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Post-Acute Care Perception 2013

Post-Acute Care Perception 2013
High Hopes and Big Plans

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Despite its reputation for complex regulations and slim profit margins, post–acute care is a renewed area of interest for health systems that see it as a critical part of their accountable care strategies. KLAS interviewed 77 hospitals and 51 standalone post–acute care facilities to better understand their plans, challenges, and technology decisions. Among the gaps in enterprise and best-of-breed solutions, what paths are providers taking?

Top Hospital Challenges to Post-Acute Care


Worth Knowing

Continuum of Care Not Connected for Enterprise Vendors: Most enterprise vendors have a homecare solution, but almost all of them perform below average and providers report interoperability is still limited with inpatient EMRs. Long-term care (LTC) and rehabilitation are the biggest technology gaps for enterprise vendors. MEDITECH was the only enterprise vendor to offer clients an LTC-specific solution.

Best-of-Breed Vendors Outperform Enterprise Vendors but Lack Hospital Acceptance: Homecare solutions from best-of-breed vendors Thornberry, Delta, and Homecare Homebase outperform enterprise solutions. In addition, HealthMEDX, MDI Achieve, and PointClickCare* perform well in the standalone LTC market. However, where enterprise vendors lack formal LTC and rehabilitation solutions, hospitals often adapt their inpatient or ambulatory EMR. Although enterprise vendors cannot yet claim an integration advantage, they are the choice for most ACO-oriented hospitals who cannot afford to invest in and interface with an additional vendor.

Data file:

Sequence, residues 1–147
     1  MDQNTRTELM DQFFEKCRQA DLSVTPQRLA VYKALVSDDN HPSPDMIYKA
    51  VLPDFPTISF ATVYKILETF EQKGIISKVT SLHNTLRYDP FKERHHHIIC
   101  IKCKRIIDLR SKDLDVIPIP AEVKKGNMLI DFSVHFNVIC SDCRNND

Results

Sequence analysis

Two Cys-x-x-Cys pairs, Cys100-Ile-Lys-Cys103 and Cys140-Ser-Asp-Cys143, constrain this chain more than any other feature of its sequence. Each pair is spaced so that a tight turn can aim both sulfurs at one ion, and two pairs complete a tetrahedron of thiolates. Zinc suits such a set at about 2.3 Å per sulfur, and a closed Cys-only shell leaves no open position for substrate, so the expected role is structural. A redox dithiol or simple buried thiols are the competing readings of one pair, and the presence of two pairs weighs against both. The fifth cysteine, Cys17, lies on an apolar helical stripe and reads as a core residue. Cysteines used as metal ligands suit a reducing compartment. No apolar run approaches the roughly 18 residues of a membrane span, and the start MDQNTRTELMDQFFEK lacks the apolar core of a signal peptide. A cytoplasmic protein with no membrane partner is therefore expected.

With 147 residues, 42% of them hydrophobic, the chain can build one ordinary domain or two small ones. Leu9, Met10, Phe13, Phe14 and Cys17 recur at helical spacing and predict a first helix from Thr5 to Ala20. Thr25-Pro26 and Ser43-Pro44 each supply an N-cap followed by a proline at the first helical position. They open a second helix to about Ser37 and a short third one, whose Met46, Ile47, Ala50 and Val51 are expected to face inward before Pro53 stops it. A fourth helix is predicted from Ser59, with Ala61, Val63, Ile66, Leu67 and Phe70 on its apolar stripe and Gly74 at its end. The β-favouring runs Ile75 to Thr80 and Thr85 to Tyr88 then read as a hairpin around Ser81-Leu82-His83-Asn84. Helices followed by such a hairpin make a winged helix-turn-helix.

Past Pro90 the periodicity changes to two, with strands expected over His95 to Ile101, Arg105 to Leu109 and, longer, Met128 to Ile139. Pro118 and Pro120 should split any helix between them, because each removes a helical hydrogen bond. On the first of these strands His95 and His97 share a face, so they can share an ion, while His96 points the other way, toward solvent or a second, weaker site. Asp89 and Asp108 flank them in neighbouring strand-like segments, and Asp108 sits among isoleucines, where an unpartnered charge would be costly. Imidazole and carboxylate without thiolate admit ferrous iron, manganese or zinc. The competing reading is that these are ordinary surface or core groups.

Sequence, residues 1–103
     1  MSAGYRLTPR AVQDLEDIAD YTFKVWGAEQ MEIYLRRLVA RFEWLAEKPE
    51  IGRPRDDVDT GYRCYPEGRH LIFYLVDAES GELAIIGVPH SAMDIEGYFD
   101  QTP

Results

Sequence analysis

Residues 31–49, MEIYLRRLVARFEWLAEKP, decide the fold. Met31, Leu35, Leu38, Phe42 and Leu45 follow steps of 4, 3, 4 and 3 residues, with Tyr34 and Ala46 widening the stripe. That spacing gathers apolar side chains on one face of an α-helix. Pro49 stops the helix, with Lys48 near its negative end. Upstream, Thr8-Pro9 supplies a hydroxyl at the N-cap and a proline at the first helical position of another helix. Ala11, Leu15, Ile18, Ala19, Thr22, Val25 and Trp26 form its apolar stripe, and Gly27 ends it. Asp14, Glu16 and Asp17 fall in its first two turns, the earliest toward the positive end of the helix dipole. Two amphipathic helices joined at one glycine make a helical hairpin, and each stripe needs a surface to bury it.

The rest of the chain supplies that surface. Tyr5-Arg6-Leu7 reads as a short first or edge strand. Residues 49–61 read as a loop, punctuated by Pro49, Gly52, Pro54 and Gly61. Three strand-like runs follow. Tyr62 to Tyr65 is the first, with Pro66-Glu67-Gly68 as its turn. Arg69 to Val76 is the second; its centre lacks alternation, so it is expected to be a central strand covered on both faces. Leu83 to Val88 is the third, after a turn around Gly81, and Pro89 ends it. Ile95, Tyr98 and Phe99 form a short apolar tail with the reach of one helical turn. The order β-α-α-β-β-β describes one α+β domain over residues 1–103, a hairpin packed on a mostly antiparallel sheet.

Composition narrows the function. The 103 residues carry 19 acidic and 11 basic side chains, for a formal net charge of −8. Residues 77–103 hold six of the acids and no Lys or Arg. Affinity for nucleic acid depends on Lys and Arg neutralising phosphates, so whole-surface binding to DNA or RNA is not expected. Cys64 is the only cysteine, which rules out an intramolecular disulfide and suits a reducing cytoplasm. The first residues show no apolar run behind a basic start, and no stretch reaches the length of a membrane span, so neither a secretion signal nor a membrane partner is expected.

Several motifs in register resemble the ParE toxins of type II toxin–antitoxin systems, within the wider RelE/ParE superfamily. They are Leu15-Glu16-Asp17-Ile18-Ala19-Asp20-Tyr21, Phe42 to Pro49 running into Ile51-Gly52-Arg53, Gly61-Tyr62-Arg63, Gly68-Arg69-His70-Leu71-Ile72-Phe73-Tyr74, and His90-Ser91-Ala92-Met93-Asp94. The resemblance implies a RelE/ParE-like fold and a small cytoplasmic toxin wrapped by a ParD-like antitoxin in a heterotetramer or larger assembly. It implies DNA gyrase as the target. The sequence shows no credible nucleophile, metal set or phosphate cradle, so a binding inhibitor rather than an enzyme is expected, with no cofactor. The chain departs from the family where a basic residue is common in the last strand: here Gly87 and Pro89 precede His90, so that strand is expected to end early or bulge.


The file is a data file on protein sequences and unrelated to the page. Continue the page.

More than Half of Providers Still Challenged by Interoperability: Fifty-seven percent of hospitals reported bidirectional data sharing with post–acute care as their greatest challenge, meaning higher cost (incurred from interfaces) to gain needed value in a cash-starved environment. Hospitals are looking for a single-vendor/enterprise-wide system for owned services but will depend on health information exchanges (HIEs) to share data with affiliated post–acute care facilities. Both approaches face uphill challenges, as most enterprise vendors lack integrated post–acute care solutions and HIE vendors are often inconsistent in integrating disparate EMR platforms.